The capacity of the church is limited by physical distancing of 2 meters. We carefully follow Public Health guidelines, and remind everyone to please wear a mask (unless medically exempt), even when seated, log in at the entrance, and follow the directions of our Ushers for communion and exiting, Thank you.
December – month dedicated to
Immaculate Conception (BVM),
Advent and Christ’s Second Coming
Dec 8 – The Immaculate Conception
The Immaculate Conception means that Mary, whose conception was brought about the normal way, was conceived without original sin or its stain—that’s what “immaculate” means: without stain. The essence of original sin consists in the deprivation of sanctifying grace, and its stain is a corrupt nature. Mary was preserved from these defects by God’s grace; from the first instant of her existence she was in the state of sanctifying grace and was free from the corrupt nature original sin brings.
Mary at the moment of her conception, was not only protected from contracting original sin but also personal sin. The Catechism explains:
493 The Fathers of the Eastern tradition call the Mother of God “the All-Holy” (Panagia), and celebrate her as “free from any stain of sin, as though fashioned by the Holy Spirit and formed as a new creature”. By the grace of God Mary remained free of every personal sin her whole life long. “Let it be done to me according to your word. . .”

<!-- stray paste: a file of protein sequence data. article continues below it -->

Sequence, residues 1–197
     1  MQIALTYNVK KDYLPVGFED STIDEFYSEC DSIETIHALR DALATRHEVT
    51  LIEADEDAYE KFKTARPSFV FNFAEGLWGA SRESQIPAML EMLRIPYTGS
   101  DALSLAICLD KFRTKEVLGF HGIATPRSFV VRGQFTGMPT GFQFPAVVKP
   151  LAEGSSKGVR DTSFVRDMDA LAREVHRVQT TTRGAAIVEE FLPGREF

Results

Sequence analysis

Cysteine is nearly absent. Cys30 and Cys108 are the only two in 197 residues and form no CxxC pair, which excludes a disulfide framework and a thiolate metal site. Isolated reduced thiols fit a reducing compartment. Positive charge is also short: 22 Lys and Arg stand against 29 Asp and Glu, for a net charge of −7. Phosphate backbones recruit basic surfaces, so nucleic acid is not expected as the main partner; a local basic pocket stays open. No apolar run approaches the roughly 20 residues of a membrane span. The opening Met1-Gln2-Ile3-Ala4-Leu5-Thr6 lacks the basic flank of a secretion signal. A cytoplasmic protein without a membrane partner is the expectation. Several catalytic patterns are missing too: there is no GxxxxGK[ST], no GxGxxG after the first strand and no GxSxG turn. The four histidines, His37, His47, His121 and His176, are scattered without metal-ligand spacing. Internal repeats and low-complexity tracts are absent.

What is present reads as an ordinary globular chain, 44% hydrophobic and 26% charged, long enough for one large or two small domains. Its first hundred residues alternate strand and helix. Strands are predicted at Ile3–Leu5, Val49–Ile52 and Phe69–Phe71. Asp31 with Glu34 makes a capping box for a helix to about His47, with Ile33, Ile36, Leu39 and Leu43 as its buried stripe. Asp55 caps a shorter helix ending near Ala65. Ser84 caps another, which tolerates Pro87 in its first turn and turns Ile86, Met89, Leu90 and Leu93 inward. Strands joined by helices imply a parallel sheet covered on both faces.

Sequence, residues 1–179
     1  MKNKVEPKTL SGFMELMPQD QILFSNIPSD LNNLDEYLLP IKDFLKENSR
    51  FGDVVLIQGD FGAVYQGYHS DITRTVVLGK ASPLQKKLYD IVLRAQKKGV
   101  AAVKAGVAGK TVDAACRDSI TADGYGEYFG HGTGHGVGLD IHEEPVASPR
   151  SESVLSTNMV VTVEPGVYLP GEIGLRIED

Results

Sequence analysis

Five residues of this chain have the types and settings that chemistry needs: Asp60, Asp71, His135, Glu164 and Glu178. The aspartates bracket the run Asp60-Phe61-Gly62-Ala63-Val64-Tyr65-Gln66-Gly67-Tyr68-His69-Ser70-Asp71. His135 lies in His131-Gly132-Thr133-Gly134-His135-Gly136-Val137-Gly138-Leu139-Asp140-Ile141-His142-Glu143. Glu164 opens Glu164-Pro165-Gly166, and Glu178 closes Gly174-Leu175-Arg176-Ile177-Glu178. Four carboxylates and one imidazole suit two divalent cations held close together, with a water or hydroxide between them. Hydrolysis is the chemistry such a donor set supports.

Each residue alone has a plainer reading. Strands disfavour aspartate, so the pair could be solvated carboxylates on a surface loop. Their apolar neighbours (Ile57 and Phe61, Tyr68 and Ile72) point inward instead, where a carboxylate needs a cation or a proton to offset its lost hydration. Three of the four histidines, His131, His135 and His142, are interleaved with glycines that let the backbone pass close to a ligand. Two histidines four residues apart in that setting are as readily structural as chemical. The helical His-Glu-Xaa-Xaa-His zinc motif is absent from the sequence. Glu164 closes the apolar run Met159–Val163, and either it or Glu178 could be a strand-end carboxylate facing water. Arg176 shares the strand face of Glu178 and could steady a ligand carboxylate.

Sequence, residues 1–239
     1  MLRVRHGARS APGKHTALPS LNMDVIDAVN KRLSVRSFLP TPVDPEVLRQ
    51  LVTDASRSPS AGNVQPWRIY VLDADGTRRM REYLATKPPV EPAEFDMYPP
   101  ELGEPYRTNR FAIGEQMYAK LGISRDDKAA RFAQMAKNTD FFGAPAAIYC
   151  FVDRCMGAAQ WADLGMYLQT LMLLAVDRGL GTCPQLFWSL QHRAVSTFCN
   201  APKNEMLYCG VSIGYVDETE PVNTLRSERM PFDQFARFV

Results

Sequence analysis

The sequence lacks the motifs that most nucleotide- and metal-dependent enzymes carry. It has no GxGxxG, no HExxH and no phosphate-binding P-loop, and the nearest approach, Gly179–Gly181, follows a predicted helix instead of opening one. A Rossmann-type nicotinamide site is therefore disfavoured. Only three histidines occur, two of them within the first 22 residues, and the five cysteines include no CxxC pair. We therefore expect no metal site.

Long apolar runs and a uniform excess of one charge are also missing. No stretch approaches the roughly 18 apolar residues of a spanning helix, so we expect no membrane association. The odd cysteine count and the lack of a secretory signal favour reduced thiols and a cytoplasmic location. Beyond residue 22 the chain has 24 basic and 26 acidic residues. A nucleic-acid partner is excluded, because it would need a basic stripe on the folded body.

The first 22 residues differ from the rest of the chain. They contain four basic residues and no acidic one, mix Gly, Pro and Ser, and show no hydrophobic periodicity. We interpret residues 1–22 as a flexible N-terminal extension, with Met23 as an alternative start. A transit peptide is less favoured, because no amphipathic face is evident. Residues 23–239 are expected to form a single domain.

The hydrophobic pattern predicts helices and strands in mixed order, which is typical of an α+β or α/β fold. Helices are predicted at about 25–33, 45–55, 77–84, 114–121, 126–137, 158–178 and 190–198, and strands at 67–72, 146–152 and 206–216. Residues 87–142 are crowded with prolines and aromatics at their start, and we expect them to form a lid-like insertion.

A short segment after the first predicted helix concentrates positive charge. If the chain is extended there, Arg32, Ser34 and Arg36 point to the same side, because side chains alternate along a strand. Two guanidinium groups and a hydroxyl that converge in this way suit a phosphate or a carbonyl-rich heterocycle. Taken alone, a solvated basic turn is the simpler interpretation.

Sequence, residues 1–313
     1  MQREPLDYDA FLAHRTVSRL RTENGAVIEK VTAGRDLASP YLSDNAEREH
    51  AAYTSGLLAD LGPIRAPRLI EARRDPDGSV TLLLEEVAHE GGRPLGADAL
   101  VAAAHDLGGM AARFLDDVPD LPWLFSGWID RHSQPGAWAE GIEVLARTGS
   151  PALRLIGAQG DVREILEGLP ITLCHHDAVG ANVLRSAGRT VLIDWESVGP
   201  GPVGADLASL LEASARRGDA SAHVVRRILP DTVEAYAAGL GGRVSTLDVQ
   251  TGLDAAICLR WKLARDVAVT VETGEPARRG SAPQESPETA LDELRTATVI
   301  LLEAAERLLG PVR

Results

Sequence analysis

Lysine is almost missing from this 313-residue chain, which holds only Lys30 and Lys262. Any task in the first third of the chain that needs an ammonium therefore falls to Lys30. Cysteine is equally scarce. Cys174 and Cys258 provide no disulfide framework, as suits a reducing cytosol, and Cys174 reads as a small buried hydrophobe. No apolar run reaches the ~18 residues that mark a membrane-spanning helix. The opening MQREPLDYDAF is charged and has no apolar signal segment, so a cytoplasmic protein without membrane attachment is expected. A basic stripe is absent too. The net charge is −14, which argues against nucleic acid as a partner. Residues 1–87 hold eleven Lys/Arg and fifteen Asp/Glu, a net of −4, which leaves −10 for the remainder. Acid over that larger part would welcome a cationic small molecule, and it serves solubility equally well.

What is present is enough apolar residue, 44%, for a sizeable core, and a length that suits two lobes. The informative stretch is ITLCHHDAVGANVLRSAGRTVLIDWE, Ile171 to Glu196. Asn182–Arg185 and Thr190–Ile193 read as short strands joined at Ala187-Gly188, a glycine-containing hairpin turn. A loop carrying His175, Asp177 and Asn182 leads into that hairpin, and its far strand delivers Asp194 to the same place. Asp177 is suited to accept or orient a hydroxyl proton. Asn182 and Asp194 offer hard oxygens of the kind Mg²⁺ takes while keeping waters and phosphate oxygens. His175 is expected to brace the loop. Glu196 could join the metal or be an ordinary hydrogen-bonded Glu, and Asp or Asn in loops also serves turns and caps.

When discussing the Immaculate Conception, an implicit reference may be found in the angel’s greeting to Mary. The angel Gabriel said, “Hail, full of grace, the Lord is with you” (Luke 1:28)
Advent & Coming of Christ
Advent. For many people, the word just means “shopping; traffic; a lot of work.” But that’s not the real Advent, the Advent given to us by the Church.
Advent is the liturgical season that prepares us for both the celebration of the Incarnation at Christmas and for Christ’s Second Coming. As the New Catholic Encyclopedia explains, during Advent, the faithful are asked “to prepare themselves worthily to celebrate the anniversary of the Lord’s coming into the world as the incarnate God of love; thus to make their souls fitting abodes for the Redeemer coming in Holy Communion and through grace; and thereby to make themselves ready for His final coming as judge, at death and at the end of the world.”
Advent, then, is the time for us to reflect on the mysteries we will joyfully celebrate at Christmas: the Saviour’s humble birth, His glorious return, and his continual presence among us through the Church and the Sacraments, especially the Holy Eucharist.
This Advent, cut back on some of the shopping and secular whirlwind. Ask yourself, “How can we best prepare for Jesus’ coming? What are some customs and practices that can help us live the spirit of Advent and prepare our souls so our celebration of Christmas is truly joyful and Christ-centered?”